I left the beach and went home, utterly exhausted. Later, when I re-read those words by Bukowski, I thought about how my Dad spent much of his life as the living embodiment of them. I thought about how I wanted to be more like that. And I thought about how the best way I could honor my father as I approached his birthday was to stop hesitating, stop moving through my life with so much doubt and uncertainty, and simply “roll the dice.”


Easier said than done, but maybe my first step is to spend a lot more time climbing those stairs, breathing in the ocean, clearing out the noise.

Until next time, friends.

32 thoughts on “Roll the dice.

  1. I read momentum in your prose, a physical manifestation of your dreams called to action; flexing and climbing your way toward clarity to better observe the landscape of change.

    You are going to treasure these reflective narratives that mark your journey.

    • “I suppose that nothing about how we choose to spend our time can really be a waste unless we willfully choose to waste it.” What a powerful statement, you basically summed up just about everything that’s been on my mind lately. Is what I am doing really worth all these feelings of fear and pushing past my own insecurities? I am answering yes, it absolutely is because we all have the ability to inspire someone in one way or another.

      • I agree! We can drive ourselves crazy with questions of “What does it all mean?” “What am I doing with my life?” etc. These questions tend to paralyze me and keep me in a holding pattern that prevents me from taking positive action. Little by little, I’m learning to trust my instincts about what I should do, and what makes me happy, without worrying so much about what it means or whether it’s worth it. Good luck to you!

  2. I love this post! Sometimes I find myself feeling a similar way to the way you describe in this post, doubting myself and worrying.

    Thank you for sharing the Bukowski poem and your dad’s advice. “Well, if you know better, why don’t you do better?” — I’ll remember that when I need some motivation. 🙂

  3. Yes! This poem is going to be stapled to every surface of my apartment because it is too easy to forget the reasons we begin a journey. Especially one that can be as unforgiving as writing. Sometimes we need to block out the negative, remember the reasons we started, and read some wise words to kick ourselves back into momentum 🙂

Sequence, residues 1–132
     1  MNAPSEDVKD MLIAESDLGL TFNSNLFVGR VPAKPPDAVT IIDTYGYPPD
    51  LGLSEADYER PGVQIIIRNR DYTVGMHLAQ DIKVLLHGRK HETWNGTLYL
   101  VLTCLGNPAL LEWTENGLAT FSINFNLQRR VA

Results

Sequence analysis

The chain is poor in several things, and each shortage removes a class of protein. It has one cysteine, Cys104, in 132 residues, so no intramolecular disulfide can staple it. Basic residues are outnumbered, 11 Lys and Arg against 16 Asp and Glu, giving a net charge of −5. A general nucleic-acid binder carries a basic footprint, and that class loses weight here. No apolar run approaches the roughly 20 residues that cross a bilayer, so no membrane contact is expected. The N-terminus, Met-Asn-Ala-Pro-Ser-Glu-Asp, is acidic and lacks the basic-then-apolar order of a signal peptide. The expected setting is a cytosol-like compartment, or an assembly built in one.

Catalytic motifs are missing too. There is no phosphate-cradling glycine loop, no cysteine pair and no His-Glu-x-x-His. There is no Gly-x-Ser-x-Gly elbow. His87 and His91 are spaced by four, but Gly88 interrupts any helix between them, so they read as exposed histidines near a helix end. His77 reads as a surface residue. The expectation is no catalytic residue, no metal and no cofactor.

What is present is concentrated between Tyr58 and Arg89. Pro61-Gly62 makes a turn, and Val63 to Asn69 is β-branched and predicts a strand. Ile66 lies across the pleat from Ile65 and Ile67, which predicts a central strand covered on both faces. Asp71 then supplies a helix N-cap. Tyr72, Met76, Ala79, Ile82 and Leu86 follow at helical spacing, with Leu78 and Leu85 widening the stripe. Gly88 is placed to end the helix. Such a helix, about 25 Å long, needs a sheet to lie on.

• Haha! Maybe this Pacific NW transplant has finally become a California girl after all these years, seeing as how I like Bukowski. Well, we can agree to disagree on that part. 🙂 Thanks for reading!

  4. I resonate in your write ups:) .. The sea is so inspiring . Love your style. It makes me traverse through the places you talk about.. Your honesty reflects in every line:) I always connect with u .thank you !!

  5. Words of wisdom. Difficult to do, but a must do, for sure. P.S. And you are right about the sea. For me, it is the rocky shores of Maine, but sadly, because I spent most of my life sailing with my husband, the scent of the salty sea and sound of the crashing waves, although soothing to the eyes and ears, go straight to my heart. For that moment, the ache diminishes my peace.

  6. One of the reasons I like your blog is because I know whenever I get that “what’s the point of it all” feeling, I can read one of your posts (like “Roll the Dice” or “Going Dark”) and know there’s someone else somewhere who’s feeling pretty much the same way (except for the dull nausea thing). Your posts, more often than not (way more often, actually), make me realize there are others “out there” who struggle with the same feelings, the same doubts I do. An “Extra Dry Martini” every now and then makes me realize the answer to the question, “What’s the point of it all?” is my choice; my choice to answer, “The point is . . .” and to make it. Thanks for writing this, and thanks for helping me make “my” point. -S-

      • No thanks necessary. It’s I who owe you the thanks. BTW, I once wrote a post entitled, “Chasing the Wow”. It was about the first time I got a “Wow” comment on something I wrote (it was in a creative writing class a long, long time ago). It makes me feel young again to know I can still elicit that response. Tks. -S-

  7. This blog post is absolutely beautiful AMD full of truths that can be hard to admit at times. It seems like writing this down helped you understand your thoughts and state of mind. Take care and can’t wait to read more 🙂

    • Writing it down almost always helps me understand my thoughts and feelings, Charlotte. That’s the main reason I do it. Thanks so much for your kind words, and thank you for reading. I appreciate it so much!

  8. I like your posts.. and you have inspired me to come back to my blog and continue writing again, I will be happy if you want to follow back me 🙂

  9. Dear extra dry martini I have nominated you for the versatile blogger award .. Check my post on ‘for the insight’ :)))

  10. I am amazed once again of how your words connect to some of what I feel at certain times. And whatever you are battling with writing, keep writing. I am always taken away somewhere else when I read your blog. It’s amazing!

  11. Its amazing how the same thoughts flow within all of us, and the instant that someone expresses it in the words, the chaos within our minds just vanishes, and we connect!! 🙂 🙂 Beautiful post, yet again 🙂 Thank you for sharing! Charles bukowski, indeed is a genius!!

  12. There was once someone, without any hope, past or future, a young girl afraid to live~ to live as she was born to be…

    “Once I knew only darkness… my life was without past or future… but a little word from the fingers of another fell into my hand that clutched at emptiness and my heart leaped to the rapture of living.” Helen Keller

    There are many kind and kindred fingers within the palm of our hand Sarah… they have been their all along… It’s OK to feel them and to live as we were born to be…